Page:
"What is a ritual?"
—The Little Prince
"It’s what makes one day different from the other days, one hour different from the other hours."
The Chinese Lunar New Year, also known as the Spring Festival, is the most important holiday in the Chinese calendar, just like Christmas in the western world.
Although the festival originated more than 4,000 years ago, the Chinese have inherited the ancient legacy and fittingly adapted it to suit the modern times. The annual festival is usually marked by honoring gods and ancestors, family reunions and praying for happiness and luck in the coming year.
Traditionally, the Spring Festival celebrations last for nearly a month, starting from the 23rd day of the 12th lunar month (La Yue or 腊月 in Chinese) until the Lantern Festival on the 15th day of the first lunar month (Zheng Yue or 正月 in Chinese).
However, in recent years, many Chinese complain that high-paced lifestyle has tarnished the “flavor” of the Spring Festival. The anticipation of returning home is mostly dampened by busy work schedules and travel arrangements, making the holidays a stressful activity to begin with.
Many young millennials even prefer imported holidays such as Christmas and Valentine’s Day over the Spring Festival, as they come with less baggage. Some experts argue that by giving up ancient rituals and customs, the traditional festival has lost its “sense of solemn.”
But as China is striving to revive its centuries-old traditional culture, an increasing number of people have been seeking to rediscover the myths and rituals of the Spring Festival to regain the significance of the traditions.
In 2017, the Chinese New Year falls on January 28, which will mark the Year of the Rooster, according to the Chinese zodiac sign. But in areas where the traditions are still well reserved and practiced, preparations for the New Year begin a week earlier, on January 20, which marks the Xiao Nian or the Minor New Year.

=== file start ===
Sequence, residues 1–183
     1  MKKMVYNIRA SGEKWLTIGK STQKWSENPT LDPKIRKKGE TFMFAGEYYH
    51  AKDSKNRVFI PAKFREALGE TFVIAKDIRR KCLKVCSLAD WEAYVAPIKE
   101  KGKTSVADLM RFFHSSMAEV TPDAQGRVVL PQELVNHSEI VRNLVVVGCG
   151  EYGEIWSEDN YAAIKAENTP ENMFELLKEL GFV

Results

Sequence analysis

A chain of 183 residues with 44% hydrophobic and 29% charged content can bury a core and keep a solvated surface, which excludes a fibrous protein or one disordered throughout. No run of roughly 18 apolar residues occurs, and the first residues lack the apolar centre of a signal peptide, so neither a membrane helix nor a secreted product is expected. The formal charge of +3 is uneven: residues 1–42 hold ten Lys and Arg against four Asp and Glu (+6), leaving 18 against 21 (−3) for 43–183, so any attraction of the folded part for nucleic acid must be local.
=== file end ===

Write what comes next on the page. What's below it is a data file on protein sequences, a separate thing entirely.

The 23rd Day of La Yue: Honoring the Kitchen God
This day is also known as the day to honor the Kitchen God. According to Chinese Taoist mythology, the Kitchen God returns to heaven on this day to report to the Jade Emperor, God of Heaven, on the situation of every household during the past lunar year.
The Jade Emperor will then decide whether to bestow luck or punish on families. People will offer various foods, especially candies, to the Kitchen God to make sure that he won’t speak ill of their families. Many rural households in China still have paintings of the Kitchen God above their fireplaces.
The 24th Day of La Yue: Thorough Cleaning to the House
It is one of the most widely practiced Spring Festival traditions across China. In Chinese, the character for dust (尘) sounds like the character 陈, which means “the old.”
By giving the house a thorough cleanse on this day, Chinese people believe that this would rid them of their poverty and bad luck from the previous year, so as to welcome a prosperous new year.
The 25th Day of La Yue: Grinding Bean Curd (Tofu)
The tradition of grinding bean curd is also derived from Taoism. According to Taoist myths, the Jade Emperor would descend to earth to inspect people’s homes after receiving the Kitchen God’s report.
Most households prefer to eat bean curd to show how poor their lives are, so as to avoid potential punishment from the God of Heaven.
The 26th Day of La Yue: Buying Pork for the New Year
In the ancient days, people slaughtered pigs or bought pork on this day to prepare the main dish for Lunar New Year.